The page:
"You have to write no matter what, especially when you're writing as a profession. When you're starting out, it's true you're inspired to write more when you're angry, you're sad and when you're moved by something, and you do tend to write more at the time. But, when you're writing as a profession, you need to write no matter what."
- Manjushree Thapa, Sharjah International Book Fair
Manjushree Thapa had always believed in the power of expression - from the time she was a child, she always felt that her need for self-expression was very strong. So, it was only natural that she chose to become a writer.
On the 14th November, Thapa shared a book panel with Pakistani author, Mirza Waheed (The Collaborator) and spoke to an audience of school children and teachers of about her change in profession to writing, her writing plan and a variety of other subjects.
|Nepali author, Manjushree ThapaPhotos by Sree Lakshmi and Kavita Mehrotra|
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The Nepali writer, Thapa spoke quite highly about the Sharjah International Book Fait (SIBF), and said that one of the primary reasons she's attending the fair is because she has "gaps in her education about other countries", what she found most attractive about coming here was getting exposure to Arab literature and the feel of the entire region. Thapa also said it was her first time visiting the UAE, and that she's looking forward to the UAE and meeting other Nepali nationals.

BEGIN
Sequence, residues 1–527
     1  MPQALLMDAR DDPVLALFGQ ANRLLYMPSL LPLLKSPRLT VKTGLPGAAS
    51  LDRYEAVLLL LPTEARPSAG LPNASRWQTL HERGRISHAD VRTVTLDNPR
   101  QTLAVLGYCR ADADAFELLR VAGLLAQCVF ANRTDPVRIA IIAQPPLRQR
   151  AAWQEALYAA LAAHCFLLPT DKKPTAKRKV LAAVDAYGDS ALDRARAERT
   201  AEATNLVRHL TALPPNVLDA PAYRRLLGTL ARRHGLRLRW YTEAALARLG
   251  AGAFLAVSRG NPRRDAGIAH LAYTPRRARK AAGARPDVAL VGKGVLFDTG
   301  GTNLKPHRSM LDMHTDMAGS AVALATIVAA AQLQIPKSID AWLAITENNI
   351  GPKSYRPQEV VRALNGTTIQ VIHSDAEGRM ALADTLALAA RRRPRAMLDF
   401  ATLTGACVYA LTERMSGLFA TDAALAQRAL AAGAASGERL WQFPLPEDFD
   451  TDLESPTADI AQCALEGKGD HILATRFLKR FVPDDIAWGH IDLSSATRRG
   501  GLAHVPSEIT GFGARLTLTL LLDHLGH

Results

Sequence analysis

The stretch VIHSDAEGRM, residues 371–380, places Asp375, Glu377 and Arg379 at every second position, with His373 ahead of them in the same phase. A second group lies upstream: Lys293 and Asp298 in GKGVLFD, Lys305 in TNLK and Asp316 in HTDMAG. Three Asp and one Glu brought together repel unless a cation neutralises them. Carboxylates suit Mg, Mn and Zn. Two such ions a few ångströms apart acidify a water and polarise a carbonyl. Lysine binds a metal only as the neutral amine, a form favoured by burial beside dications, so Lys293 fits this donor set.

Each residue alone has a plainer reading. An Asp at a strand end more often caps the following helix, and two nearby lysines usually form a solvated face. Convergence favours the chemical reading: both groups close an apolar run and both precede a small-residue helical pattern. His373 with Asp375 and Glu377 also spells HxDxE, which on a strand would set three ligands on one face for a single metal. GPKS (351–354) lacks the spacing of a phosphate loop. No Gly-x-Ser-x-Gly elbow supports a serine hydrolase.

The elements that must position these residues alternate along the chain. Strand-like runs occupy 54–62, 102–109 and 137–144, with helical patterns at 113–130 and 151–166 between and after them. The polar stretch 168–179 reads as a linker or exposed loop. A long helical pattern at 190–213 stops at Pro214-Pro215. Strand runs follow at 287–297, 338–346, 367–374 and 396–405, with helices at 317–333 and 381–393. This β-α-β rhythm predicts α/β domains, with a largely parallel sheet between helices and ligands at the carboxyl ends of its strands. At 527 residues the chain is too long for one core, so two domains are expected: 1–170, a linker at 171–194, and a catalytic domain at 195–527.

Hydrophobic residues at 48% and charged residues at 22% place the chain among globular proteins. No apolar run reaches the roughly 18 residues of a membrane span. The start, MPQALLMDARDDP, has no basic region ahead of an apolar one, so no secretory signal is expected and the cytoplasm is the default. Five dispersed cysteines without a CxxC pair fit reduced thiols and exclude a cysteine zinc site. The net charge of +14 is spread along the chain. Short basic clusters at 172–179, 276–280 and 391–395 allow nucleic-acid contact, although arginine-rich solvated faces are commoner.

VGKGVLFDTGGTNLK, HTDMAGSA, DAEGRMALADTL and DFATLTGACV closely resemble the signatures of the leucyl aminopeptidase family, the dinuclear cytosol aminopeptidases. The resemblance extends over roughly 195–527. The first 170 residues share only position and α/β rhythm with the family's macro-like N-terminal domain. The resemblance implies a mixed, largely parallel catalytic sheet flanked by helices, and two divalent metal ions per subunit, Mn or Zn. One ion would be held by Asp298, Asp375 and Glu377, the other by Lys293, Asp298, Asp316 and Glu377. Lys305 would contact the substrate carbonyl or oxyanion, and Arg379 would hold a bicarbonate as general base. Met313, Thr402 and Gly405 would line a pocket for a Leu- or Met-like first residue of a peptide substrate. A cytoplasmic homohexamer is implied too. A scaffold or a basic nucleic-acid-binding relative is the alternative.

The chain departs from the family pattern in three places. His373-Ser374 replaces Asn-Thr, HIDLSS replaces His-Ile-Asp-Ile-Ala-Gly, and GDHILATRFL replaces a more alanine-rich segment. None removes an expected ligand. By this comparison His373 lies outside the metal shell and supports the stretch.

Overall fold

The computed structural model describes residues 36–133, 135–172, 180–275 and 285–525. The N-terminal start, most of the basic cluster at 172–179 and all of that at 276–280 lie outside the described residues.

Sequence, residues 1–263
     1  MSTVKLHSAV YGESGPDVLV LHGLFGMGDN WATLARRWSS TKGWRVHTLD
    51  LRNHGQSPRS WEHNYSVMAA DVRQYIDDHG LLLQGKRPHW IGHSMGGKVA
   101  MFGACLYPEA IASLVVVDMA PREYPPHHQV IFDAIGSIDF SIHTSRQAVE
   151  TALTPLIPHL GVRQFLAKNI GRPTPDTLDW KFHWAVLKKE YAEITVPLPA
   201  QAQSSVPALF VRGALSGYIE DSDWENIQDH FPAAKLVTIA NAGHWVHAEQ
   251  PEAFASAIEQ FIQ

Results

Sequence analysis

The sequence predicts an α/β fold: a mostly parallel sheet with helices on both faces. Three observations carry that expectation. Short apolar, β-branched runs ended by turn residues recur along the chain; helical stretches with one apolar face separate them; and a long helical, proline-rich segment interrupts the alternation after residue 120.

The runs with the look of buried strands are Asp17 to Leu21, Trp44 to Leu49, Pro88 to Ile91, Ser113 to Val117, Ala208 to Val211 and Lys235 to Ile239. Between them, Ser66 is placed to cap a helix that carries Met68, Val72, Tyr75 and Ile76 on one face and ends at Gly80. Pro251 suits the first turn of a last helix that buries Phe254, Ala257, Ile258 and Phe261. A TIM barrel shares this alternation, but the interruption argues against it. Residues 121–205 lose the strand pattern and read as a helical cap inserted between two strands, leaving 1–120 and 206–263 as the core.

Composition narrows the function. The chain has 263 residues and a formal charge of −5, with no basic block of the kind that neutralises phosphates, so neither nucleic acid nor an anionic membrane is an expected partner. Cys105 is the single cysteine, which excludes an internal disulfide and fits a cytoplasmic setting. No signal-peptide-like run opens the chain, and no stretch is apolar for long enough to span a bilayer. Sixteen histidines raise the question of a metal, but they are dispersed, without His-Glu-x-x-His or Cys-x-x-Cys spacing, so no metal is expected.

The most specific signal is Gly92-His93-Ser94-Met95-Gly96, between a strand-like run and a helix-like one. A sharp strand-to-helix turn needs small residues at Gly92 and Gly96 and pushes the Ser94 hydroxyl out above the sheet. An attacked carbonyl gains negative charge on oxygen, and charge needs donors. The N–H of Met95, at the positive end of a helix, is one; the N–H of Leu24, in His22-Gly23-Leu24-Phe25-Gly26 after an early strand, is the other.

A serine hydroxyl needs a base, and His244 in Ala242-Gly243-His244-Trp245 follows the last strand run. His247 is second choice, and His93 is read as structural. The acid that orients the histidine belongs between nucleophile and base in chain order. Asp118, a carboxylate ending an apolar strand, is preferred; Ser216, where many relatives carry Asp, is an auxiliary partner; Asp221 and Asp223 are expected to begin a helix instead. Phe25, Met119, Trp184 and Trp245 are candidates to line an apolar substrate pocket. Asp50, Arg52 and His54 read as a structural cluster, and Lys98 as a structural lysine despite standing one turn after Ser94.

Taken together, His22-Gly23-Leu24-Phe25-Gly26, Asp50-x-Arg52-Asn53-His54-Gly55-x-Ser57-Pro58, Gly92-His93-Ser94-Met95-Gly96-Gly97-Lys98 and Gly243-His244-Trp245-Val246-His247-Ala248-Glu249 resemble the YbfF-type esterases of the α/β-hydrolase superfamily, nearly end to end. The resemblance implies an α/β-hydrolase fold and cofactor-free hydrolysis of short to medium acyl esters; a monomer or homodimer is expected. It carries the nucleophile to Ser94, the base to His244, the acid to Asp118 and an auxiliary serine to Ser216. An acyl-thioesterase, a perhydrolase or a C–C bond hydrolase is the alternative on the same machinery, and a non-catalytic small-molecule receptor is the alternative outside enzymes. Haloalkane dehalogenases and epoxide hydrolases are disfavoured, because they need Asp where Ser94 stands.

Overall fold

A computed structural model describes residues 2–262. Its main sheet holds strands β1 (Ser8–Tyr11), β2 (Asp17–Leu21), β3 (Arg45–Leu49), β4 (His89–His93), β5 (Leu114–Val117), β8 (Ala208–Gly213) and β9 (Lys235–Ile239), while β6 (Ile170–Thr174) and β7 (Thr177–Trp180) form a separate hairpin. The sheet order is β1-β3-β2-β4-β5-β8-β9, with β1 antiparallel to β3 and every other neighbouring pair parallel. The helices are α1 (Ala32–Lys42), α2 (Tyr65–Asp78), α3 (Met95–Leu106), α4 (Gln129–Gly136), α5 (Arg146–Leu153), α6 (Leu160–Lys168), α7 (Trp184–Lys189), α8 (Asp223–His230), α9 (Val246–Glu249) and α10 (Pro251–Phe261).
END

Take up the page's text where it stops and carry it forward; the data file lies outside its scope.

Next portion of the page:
"I hear that there a lot of Nepali nationals living here, I'm very interested in meeting them and interacting with them,"
One of the main reasons she started writing was because her need for self-expression was strong. She had moved from painting, to photography before finally settling down into creative writing. Thapa says that when she was in her twenties, she wrote "to make sense of the world" and was one of those people who found the world confusing, unless she wrote about it and that marked her foray into writing.
But, every author has a preferred genre and Thapa is no different. When asked whether she would tackle any other genre other than her usual norm of autobiographical novels and history books. She stated that she has a very narrow interest in terms of literature, and she's primarily interested in two genres - literary fiction and long-form non-fiction, which is a more personal style of writing non-fiction.
Thapa asserted that she's not interested in writing in other genres like romance, spy thrillers or action and detective fiction, despite being a fan of those genres.
Her writings are influenced by what she's read and her own personal experiences. Thapa said she is used this particularly in her only fictional novel, Seasons of Flight (2010), where the protagonist is a young Nepali woman who's moved to the States.
Thapa said that Prema (the main character) was like a lot of Nepalis she knew and that the book was based on her experiences, and anecdotes from her friends and family. Thapa also commented on her upcoming novel which is currently untitled is due to be released next year.
By Sharanya Paul Raj
The writer is a second year BA Media and Communications student in Manipal University, Dubai.